· South Lefroy Bay Campground is fantastic for those of you like us that want to snorkel Ningaloo Reef and are looking for dog friendly camping
· There are many genuine dog friendly bushwalks in the Blue Mountains and Blue Mountains Dog Friendly Camping Spots
· Southwest Western Australia, where there are lots of national parks, there are also state parks that allow dogs, many with similar landscapes as the national parks
Take Turns Visiting a National Park
It may be that there is no other option but, if you are a couple or family, to see a national park, in turn, so someone can stay with your dog. If you have travelled thousands of kilometres, are unlikely to return in the foreseeable future and it is a national park high on your to do list, then do it.
Some Additional Tips for Exploring National Parks when you have a Dog
Choose Dog Friendly Camping Nearest to National Park
The number one thing we do is find dog friendly camping close to the national park we want to visit. The benefits of doing this are:
- less travel distance from our camp to the national park
- the improved likelihood of:
- pets being allowed to left alone
- meeting other dog owners to do dog sitting swaps with or people who will look after yours (sometimes for a fee)
- there being pet sitters or kennels available
Question Caravan Parks that say they are Dog Friendly
In our experience, there is a world of difference between “dogs allowed” and “dog friendly.” It is worth finding out how dog friendly a campground or caravan park is by asking on social media groups, reading reviews and ringing to speak to the owners or managers.
Prioritise National Parks and What to See
Australia has over 600 national parks and it is highly improbable anyone will ever visit all of them. When you have a dog travelling with you it is even less likely. Instead, be highly selective about which ones you choose to visit and then do or see the highlights only.
Keep Vaccines Up to Date
Boarding kennels and pet sitters will require your dog’s vaccinations to be up to date. Vaccine requirements do vary for different states.
Related read: Vet Care for Your Dog While Travelling Australia
Visit National Parks in the Early Morning
I base this advice on four years of travelling with our dog and having had done many national parks during that time. Get up and do and see what you want in national parks as early as possible. Most of the time, we are up before sunrise and will return by mid-morning, especially if the weather will be warm. We have found it means we still have time in the afternoon to spend with Chika and take her for her daily walk.
If we have someone looking after Chika, we may go for longer because we know she has had company and probably a walk.
What We Did with our Dog to See Some of Australia’s Must See National Parks (and Tours)
Boodjamulla National Park | Boodjamulla National Park in Lawn Hill is a four to six hour drive partly on a dirt road from Mount Isa. The Lawn Hill Gorge is the highlight of the national park and kayaking is an absolute must do. The easiest way to see this national park and its gorge is to camp at Adels Grove Campground. There you can either use their dog sitting or leave your dog at your campsite.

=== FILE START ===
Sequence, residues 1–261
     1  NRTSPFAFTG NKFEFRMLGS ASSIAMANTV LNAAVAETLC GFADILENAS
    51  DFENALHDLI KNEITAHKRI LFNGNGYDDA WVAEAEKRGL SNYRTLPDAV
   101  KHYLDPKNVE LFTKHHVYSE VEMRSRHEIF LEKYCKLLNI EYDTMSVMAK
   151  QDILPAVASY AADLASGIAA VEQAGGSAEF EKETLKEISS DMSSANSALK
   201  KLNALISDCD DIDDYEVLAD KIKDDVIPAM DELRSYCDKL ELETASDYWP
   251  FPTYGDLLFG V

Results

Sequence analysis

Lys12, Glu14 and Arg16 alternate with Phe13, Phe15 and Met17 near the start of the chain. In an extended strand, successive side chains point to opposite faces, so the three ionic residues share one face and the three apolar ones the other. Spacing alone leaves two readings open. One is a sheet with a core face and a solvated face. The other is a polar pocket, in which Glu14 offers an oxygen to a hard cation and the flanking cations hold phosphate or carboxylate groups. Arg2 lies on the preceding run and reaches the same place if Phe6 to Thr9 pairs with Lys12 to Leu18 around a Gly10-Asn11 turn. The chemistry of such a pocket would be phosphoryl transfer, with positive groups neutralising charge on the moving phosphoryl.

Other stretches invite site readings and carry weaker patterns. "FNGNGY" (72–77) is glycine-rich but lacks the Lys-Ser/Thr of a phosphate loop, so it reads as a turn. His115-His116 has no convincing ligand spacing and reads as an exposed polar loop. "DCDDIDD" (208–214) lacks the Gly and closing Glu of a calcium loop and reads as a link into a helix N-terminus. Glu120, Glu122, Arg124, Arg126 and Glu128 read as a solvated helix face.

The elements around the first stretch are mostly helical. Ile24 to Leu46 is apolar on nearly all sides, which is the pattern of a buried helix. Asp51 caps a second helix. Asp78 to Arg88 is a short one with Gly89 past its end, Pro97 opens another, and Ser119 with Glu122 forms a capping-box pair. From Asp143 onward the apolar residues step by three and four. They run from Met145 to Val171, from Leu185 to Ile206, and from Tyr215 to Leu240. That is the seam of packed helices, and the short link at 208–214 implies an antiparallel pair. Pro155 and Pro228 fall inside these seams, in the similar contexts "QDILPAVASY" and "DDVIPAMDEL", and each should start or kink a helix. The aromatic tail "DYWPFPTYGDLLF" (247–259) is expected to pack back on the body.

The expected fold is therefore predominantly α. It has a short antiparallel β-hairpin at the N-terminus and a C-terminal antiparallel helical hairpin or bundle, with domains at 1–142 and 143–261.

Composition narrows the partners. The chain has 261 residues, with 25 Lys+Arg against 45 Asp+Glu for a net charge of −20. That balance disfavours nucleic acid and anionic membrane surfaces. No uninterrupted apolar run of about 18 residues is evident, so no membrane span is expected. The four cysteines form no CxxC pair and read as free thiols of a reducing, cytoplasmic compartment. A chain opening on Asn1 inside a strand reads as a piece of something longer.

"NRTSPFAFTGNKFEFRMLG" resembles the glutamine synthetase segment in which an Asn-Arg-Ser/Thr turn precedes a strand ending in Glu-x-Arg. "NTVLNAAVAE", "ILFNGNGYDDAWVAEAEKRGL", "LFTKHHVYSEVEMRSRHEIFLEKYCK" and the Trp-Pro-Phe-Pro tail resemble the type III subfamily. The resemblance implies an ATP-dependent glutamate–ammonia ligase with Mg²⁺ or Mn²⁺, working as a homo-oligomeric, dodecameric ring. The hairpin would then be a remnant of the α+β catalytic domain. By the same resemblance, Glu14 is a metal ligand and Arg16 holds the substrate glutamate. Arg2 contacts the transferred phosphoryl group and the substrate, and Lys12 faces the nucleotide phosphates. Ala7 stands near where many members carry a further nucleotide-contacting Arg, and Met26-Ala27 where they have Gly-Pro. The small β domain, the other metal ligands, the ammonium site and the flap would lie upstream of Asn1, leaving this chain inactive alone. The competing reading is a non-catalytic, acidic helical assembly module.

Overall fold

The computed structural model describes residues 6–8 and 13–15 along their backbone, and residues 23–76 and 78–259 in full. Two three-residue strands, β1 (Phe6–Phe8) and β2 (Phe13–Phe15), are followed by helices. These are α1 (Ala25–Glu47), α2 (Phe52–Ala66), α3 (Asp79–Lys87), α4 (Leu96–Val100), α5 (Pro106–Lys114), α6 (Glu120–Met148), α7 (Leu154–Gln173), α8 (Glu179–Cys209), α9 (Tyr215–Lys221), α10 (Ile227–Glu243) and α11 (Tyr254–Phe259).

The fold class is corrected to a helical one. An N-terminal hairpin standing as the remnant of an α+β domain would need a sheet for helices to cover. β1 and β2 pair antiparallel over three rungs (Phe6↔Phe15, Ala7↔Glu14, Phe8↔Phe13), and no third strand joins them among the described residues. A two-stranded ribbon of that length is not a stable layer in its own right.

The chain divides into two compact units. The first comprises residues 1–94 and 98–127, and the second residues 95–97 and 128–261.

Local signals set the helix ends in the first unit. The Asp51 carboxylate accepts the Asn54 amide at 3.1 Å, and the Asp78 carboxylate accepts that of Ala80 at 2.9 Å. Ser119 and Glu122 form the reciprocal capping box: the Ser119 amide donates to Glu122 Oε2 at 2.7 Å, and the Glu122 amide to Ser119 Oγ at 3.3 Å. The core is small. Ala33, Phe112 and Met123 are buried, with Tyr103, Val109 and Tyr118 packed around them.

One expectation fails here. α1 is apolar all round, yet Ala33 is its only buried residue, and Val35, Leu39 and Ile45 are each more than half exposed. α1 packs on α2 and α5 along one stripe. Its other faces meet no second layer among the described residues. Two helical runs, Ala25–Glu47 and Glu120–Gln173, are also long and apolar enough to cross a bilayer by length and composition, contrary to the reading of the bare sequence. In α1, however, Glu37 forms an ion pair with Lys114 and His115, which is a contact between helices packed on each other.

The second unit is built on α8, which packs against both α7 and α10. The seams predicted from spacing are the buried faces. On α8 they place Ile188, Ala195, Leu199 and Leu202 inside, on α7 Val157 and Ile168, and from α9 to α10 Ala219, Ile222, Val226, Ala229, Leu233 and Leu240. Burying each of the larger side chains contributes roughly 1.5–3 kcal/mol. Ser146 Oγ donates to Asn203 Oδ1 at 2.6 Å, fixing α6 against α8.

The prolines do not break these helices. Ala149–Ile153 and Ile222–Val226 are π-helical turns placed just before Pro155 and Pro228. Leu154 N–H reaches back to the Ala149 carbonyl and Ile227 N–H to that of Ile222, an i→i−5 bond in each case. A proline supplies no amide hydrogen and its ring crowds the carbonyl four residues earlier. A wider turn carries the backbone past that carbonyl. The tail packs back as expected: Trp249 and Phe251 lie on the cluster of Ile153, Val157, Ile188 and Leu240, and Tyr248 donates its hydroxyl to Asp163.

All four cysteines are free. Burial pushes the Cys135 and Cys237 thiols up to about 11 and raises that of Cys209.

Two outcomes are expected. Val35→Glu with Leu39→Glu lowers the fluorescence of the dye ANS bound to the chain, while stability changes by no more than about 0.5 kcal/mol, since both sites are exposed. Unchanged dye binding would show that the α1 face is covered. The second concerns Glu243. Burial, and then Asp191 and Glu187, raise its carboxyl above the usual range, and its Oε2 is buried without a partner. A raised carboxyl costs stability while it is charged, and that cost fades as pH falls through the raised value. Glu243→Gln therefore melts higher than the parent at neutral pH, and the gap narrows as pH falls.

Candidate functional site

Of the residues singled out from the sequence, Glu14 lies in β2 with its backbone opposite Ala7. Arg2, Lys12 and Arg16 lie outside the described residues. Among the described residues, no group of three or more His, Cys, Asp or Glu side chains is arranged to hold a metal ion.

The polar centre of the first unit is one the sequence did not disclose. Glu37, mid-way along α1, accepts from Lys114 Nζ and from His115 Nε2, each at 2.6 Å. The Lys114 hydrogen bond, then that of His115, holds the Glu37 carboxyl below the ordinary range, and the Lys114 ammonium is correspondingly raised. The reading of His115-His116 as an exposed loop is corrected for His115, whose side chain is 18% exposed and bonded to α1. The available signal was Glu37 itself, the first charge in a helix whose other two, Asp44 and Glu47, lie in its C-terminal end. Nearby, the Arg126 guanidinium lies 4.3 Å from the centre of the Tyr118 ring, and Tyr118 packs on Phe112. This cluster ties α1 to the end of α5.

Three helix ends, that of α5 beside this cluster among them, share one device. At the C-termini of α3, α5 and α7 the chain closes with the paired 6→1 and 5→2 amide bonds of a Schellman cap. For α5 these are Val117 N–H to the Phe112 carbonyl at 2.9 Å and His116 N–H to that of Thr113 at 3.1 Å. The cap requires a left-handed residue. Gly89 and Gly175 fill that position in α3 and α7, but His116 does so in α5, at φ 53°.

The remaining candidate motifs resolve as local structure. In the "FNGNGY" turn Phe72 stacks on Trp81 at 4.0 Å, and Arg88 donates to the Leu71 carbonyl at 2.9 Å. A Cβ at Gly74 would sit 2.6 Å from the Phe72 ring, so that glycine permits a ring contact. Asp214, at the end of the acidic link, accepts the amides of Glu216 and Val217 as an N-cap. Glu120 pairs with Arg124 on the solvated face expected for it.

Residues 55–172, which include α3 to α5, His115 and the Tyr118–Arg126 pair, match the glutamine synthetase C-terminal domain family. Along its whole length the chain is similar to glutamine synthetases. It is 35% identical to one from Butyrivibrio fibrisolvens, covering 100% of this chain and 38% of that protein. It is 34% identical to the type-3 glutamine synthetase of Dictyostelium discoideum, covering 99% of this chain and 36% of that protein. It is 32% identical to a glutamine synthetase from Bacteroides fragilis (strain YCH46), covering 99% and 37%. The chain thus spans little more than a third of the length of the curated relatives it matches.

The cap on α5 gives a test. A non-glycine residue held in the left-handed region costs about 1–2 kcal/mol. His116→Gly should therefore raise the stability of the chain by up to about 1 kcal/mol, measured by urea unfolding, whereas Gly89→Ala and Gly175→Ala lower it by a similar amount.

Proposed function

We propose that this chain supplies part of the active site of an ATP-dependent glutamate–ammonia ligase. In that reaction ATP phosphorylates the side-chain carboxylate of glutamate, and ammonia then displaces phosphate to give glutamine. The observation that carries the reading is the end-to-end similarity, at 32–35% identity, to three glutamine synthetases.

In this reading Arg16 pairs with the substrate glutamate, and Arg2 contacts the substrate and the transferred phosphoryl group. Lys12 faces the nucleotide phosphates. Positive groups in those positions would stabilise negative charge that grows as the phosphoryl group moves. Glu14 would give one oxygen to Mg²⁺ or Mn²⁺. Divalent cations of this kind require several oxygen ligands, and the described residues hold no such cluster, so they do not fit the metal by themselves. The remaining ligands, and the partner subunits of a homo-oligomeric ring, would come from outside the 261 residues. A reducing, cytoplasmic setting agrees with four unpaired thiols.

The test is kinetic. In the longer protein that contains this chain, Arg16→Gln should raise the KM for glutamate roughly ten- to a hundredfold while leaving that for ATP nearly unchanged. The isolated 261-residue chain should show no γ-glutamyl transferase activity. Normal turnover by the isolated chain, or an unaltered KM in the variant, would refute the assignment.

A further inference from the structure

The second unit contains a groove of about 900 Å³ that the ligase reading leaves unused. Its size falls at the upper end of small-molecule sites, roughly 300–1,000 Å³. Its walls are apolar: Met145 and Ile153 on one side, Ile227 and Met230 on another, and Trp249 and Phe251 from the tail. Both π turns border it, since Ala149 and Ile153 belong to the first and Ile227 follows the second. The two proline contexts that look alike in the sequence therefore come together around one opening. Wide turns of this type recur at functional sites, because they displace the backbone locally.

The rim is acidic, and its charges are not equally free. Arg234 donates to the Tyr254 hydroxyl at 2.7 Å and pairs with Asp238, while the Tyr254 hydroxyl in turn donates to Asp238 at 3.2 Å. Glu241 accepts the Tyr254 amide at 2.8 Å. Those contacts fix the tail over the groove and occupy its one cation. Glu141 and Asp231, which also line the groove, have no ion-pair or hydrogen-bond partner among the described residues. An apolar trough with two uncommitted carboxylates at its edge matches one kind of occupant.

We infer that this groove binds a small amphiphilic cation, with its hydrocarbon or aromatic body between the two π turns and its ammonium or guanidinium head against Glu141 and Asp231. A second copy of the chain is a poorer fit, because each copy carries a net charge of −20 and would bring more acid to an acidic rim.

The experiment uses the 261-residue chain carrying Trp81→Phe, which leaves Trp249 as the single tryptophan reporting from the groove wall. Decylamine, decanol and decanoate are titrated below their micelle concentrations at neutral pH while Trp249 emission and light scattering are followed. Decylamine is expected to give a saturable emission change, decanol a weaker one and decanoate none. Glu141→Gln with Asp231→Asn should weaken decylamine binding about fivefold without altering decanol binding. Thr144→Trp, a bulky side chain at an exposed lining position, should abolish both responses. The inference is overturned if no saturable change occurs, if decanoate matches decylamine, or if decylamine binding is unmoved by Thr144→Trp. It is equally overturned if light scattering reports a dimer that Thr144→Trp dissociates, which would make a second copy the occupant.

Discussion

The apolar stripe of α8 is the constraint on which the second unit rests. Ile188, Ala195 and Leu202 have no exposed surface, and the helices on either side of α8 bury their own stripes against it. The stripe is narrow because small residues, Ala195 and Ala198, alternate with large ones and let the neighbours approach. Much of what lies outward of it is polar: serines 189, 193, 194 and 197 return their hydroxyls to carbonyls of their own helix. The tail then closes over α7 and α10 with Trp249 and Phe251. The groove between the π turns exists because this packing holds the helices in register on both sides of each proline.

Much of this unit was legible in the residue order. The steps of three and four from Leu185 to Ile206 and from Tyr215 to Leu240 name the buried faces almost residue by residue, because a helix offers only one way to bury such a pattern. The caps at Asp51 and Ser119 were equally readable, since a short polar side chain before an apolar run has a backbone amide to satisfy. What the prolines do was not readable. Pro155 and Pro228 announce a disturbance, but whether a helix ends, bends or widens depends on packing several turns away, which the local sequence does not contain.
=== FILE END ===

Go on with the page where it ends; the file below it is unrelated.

Carnarvon Gorge National Park | Sandstone Park at the time we stayed allowed dogs to be left while you went to the Carnarvon Gorge National Park. They also have kennels available onsite. The park now has new owners and I cannot say for sure what their policy is for leaving dogs alone.
Jardine River National Park | No one should do the epic Cape York Peninsula and not see the stunning Eliott Falls, the Fruit Bat Falls, Twin Falls and the Saucepan in the Jardine River National Park. We stayed at the Sam Creek Campground on the edge of the national park. It was easy to access the national park from there. You can even walk, it is that close.
Great Barrier Reef Snorkel Tour | While in Cairns we of course wanted to snorkel the reef. Luckily for us we were camped at the Rocky Creek free camp on the Atherton Tablelands and there we asked another camper to looked after Chika for us. He agreed and we paid him $50.
K’Gari (Fraser Island) | The only option was to have Chika go to a boarding kennel when we camped on K’Gari for five nights with friends. It was brilliant but it is possible to do the highlights in 2 days for dog owners that do not want to leave their dogs for as long. It was the longest we have ever had Chika in pet boarding. It was expensive!
New South Wales
Blue Mountains National Park | For us, the Blue Mountains is where we are from, meaning we have family and friends to stay with and who will look after Chika for us. Still, we highly encourage you to go as there are numerous dog friendly walks in the Blue Mountains as well as dog friendly camping and boarding kennels.
Grampians National Park | To explore the Grampians National Park we unhitched and parked our caravan in a large park under trees at Halls Gap. It was cool enough to leave Chika in the caravan. We did the stunning Pinnacles Walk and Lookout. There are other walks but we choose to limit ours to just the one.
Port Cambell National Park | Home to the famous Twelve Apostles limestone rock formulations along the Great Ocean Road, Port Campbell National Park was high on our list of sights of national parks to visit. Surprisingly, the car park at the Twelve Apostles and other landmarks are dog friendly with only a short walk to each. Chika drove around with us, we visited the sites and she waited in the car.
Cradle Mountain Lake St Clair National Park | At Cradle Mountain the information centre carpark is dog friendly because technically it is outside the national park. The park runs a shuttle bus up and down the mountain, so we used it and left Chika in our car. Over about five hours, we walked the Dove Lake track, then up to Marions Lookout and back down via the Wombat Pool track. The scenery was breathtaking. We chose not to do the Lake St Clair area of the park.